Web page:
The average faculty salary nationwide rose 3.5 percent during the 2000-2001 academic year, outpacing inflation for the seventh time in eight years, according to an annual report released Friday by the American Association of University Professors.

While professor salaries still grew relative to inflation, the magnitude of increase has greatly narrowed. The 2000-2001 boost barely edged the 2000 inflation rate of 3.4 percent. With the economy faltering, the report predicts that increases will continue to decline if the economic downturn continues.

“The real value of faculty salaries was scarcely higher than the academic year before — despite the strong performance of the economy,” said Haverford College economics professor and AAUP report author Linda A. Bell in the report. “Recent history has taught us that even a mild recession — which many economists predict for 2001 — can adversely impact faculty salaries.”

At Yale, faculty salaries will increase five percent for the 2002 fiscal year after an increase of 4.5 percent this year. During the 1999 fiscal year, the last period for which official numbers are available, Yale’s average full professor salary was $113,100.

The Yale faculty salary pool for the 2002 fiscal year will be five percent higher than in the current fiscal year, which ends June 30. Administrators say the increase is necessary to retain highly sought after faculty members and recruit new talent.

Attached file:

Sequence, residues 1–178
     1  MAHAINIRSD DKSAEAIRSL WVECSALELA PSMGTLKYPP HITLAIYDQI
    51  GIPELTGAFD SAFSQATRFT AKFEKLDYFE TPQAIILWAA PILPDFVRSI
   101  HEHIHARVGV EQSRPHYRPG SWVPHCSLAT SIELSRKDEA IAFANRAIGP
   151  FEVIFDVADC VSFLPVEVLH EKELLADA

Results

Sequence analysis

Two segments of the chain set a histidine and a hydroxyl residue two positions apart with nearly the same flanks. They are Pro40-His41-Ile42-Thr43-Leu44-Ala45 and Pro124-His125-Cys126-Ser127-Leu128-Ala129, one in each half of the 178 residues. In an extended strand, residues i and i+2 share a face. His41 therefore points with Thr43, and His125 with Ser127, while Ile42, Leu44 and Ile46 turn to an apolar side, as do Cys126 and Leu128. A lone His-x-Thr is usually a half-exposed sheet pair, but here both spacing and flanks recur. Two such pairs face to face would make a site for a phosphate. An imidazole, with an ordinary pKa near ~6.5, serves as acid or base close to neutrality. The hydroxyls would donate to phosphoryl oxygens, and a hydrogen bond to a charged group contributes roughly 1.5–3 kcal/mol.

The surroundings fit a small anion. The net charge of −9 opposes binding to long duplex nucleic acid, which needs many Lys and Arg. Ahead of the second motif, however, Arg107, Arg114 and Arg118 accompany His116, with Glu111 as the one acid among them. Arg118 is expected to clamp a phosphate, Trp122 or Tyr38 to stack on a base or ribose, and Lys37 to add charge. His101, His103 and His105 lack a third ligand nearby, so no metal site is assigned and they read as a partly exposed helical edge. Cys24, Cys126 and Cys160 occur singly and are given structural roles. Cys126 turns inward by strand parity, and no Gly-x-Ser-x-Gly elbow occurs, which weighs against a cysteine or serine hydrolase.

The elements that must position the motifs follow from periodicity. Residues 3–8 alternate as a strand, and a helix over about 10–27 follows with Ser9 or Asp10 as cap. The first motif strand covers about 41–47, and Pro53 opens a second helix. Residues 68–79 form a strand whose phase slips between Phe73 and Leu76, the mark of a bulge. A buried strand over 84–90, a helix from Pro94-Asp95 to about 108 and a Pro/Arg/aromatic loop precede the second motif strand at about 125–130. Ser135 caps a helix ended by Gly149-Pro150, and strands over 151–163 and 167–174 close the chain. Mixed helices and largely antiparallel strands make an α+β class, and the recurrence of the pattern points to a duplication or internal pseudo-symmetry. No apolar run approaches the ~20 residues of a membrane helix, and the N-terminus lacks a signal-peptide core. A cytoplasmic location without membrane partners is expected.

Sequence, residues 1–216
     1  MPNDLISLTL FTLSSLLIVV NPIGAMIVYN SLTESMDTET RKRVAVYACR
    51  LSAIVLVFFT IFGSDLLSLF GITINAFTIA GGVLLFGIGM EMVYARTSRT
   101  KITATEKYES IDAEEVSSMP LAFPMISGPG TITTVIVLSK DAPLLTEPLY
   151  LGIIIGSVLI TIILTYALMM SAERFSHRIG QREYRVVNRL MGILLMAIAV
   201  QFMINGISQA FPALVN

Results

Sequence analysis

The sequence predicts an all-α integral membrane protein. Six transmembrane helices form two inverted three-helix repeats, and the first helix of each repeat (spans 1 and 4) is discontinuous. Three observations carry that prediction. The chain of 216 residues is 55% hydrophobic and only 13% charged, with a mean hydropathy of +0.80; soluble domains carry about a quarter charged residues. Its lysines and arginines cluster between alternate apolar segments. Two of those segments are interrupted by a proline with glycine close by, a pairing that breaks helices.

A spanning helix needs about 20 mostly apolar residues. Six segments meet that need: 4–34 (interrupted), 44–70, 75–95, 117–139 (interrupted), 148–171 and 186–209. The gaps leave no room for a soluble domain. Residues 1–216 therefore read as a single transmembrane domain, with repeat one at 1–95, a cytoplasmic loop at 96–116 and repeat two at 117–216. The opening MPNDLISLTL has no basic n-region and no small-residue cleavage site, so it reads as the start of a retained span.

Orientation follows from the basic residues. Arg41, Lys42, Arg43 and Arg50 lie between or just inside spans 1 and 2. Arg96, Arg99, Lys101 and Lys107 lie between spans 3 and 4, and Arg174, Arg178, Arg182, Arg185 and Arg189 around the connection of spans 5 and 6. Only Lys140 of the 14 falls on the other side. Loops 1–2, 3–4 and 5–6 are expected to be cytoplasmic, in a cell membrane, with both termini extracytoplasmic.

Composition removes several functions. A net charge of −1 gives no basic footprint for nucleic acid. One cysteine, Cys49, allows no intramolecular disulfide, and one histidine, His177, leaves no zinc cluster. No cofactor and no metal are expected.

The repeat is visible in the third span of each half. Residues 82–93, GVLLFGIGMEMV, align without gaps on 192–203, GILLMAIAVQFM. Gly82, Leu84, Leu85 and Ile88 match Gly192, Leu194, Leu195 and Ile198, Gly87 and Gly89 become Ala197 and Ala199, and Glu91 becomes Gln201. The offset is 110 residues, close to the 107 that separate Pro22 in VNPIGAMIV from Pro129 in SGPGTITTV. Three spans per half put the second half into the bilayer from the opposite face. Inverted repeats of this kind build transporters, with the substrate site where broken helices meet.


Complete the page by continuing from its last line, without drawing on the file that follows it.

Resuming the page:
In addition to its average salary data, the AAUP report notes other unsettling trends in academia, including an increasing disparity in faculty salaries between elite and other institutions, a growing variation in salaries between professors in different academic disciplines and a salary gender gap.

Patterns identified in the report are no secret to Yale officials.

Provost Alison Richard, Yale’s chief academic and financial officer, has noticed that the salary gap between faculty at highly prestigious universities like Yale, Harvard, Princeton and Stanford and other institutions has been growing in recent years. Provost’s office officials attribute this disparity to increased competition among top-flight universities and strong endowment performance, which enables elite institutions to raise salaries at a faster rate.

As a result of this salary run-up, it has become increasingly difficult for institutions that lack multibillion-dollar endowments to successfully lure big name faculty to their campuses.

The report also indicates that the economy has forced universities to increase salaries of those in select academic departments in order to remain competitive. Yale administrators frequently note that it costs far more to retain a School of Management professor than, for example, a sociology professor.

“There is an intersection with the private sector, which will drive up salaries within the academy,” Richard said. “The bumpiness [among disciplines] is reflected by competition.”

Data also support the well-known fact that professors are paid less than similarly educated professionals — about 25 to 30 percent less, according to the report.

The AAUP report also concludes that men earn about six percent more than women of the same professorial rank and that the gap grows to 10 percent at research universities like Yale.

Yale faculty salary data published by the Committee on the Economic Status of Faculty does not include a breakdown by gender.